... I did apologise as well as I could, and there was such an awkward pause; and after dinner we had coffee in the drawing-room, and then in a little time tea, and between times they sat down to whist, all but Aunt Maria—so they had ...
— The Visits of Elizabeth • Elinor Glyn

... "I must apologise, Mr. Wallace," she began, as soon as she entered the office. "Sure it's only us poor weak women who know the cruel pain of an unexpected blow. You'll not believe me, but when I heard the terrible news, it just turned my heart to stone, it did. Poor Mr. ...
— The Rider of Waroona • Firth Scott

... of education, then, is to foster the growth of the child's whole nature, or, in a word, of his soul. I ought, perhaps, to apologise for my temerity in using this now discredited word. In the West Man does not believe in the soul. How can he? He does not believe in God either as the eternal source or as the eternal end of his own nature. It follows that he does not and cannot believe ...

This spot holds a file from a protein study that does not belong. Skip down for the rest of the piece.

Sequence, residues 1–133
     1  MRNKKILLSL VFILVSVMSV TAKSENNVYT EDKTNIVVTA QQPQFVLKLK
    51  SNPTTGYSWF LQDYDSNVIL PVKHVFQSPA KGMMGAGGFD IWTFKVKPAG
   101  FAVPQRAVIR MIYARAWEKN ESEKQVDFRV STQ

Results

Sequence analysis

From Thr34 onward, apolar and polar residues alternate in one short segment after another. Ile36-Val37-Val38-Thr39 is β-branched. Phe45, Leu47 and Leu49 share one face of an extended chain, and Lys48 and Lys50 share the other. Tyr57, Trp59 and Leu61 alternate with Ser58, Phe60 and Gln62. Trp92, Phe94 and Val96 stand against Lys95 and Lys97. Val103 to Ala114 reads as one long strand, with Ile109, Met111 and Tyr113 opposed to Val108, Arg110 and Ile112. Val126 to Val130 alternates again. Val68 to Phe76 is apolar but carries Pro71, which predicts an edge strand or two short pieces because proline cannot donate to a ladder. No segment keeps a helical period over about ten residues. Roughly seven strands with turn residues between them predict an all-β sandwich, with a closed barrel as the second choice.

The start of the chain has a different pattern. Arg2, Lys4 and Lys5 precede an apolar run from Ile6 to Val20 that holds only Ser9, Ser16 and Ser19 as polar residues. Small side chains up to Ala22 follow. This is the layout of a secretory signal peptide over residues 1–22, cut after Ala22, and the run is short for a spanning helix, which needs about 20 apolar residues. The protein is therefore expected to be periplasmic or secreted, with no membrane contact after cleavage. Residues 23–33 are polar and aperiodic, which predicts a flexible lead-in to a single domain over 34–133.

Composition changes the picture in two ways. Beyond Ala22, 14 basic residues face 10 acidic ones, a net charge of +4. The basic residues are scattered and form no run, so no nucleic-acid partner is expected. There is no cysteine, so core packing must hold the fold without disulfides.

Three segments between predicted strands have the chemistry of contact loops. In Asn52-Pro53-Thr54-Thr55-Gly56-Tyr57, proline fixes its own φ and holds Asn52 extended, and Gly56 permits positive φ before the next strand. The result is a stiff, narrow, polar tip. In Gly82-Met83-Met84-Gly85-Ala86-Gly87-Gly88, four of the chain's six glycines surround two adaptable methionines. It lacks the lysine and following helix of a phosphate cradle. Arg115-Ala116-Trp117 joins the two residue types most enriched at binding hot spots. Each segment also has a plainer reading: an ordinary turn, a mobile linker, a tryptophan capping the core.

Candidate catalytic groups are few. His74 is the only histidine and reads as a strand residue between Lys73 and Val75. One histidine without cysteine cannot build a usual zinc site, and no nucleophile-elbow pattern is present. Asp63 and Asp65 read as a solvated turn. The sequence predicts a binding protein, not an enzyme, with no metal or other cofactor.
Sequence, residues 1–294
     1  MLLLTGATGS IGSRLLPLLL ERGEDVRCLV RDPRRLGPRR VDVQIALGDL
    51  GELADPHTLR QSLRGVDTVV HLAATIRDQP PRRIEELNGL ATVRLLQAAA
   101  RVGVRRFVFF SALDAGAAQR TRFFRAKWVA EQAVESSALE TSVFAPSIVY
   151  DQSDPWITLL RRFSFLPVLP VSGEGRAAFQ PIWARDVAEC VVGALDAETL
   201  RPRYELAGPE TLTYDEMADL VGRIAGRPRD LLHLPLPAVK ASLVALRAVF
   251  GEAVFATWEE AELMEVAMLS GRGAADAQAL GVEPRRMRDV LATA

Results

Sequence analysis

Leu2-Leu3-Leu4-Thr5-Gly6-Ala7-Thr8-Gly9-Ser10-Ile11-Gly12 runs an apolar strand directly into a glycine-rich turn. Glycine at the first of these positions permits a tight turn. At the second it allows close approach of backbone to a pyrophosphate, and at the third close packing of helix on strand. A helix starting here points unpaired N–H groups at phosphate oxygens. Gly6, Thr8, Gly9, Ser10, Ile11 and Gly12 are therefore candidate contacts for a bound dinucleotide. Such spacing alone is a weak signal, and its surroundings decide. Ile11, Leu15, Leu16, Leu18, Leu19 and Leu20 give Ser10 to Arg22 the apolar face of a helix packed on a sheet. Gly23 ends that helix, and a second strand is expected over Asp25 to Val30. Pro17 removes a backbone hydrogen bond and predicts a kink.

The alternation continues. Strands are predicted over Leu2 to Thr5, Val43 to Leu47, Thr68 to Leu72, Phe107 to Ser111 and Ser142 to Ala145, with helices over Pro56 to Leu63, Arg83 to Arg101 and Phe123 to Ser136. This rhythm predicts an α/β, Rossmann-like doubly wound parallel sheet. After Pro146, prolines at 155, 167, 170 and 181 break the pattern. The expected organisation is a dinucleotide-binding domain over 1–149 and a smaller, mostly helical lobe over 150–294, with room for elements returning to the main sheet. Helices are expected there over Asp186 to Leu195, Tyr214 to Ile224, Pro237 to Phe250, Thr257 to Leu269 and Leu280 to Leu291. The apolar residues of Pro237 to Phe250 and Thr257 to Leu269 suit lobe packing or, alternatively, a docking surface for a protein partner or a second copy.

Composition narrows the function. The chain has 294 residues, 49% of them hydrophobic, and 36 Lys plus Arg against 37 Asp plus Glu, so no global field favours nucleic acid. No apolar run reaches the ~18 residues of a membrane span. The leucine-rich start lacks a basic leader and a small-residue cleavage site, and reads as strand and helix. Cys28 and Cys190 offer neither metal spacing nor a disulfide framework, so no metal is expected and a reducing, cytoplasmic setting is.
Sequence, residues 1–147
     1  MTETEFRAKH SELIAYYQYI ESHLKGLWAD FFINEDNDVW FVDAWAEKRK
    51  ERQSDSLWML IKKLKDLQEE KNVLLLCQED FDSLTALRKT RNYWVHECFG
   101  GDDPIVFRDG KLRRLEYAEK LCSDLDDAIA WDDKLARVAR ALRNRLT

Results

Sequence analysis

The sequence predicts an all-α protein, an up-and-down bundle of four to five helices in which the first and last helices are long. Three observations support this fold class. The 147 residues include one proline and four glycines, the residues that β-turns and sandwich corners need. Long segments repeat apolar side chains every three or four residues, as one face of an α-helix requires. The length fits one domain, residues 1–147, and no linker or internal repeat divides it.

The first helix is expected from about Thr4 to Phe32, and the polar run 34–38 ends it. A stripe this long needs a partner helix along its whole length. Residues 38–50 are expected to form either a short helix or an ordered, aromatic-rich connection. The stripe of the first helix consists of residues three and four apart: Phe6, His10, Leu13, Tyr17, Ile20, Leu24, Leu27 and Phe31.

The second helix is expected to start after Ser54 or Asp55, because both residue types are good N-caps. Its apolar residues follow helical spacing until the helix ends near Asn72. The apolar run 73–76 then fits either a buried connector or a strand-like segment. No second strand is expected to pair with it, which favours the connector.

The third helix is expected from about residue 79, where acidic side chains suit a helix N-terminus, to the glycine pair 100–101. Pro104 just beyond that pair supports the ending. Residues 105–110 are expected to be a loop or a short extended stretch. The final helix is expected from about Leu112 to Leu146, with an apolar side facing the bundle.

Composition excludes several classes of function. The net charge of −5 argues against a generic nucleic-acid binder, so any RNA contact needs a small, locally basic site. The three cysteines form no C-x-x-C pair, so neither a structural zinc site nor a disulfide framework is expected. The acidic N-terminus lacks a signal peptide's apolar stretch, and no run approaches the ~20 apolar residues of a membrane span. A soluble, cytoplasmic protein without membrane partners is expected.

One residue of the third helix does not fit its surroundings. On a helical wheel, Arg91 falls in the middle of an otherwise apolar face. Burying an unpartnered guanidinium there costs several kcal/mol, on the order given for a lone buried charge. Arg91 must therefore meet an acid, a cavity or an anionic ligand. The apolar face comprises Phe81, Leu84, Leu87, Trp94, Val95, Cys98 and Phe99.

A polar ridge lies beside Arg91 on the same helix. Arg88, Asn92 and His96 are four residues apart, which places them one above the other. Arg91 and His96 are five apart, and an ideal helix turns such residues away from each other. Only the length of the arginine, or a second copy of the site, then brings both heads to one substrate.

— What Is and What Might Be - A Study of Education in General and Elementary Education in Particular • Edmond Holmes

... apology, and a very brilliant and convincing one at that. Recognising this fully, and feeling quite incompetent to write such a masterpiece, I have asked several literary friends to write one for me, but they have kindly but firmly declined, stating that it is impossible satisfactorily to apologise for my liberties with Lindley Murray and the Queen's English. I am therefore left to make a feeble apology for this book myself, and all I can personally say is that it would have been much worse than it is had it not been for Dr. Henry Guillemard, who has not edited it, ...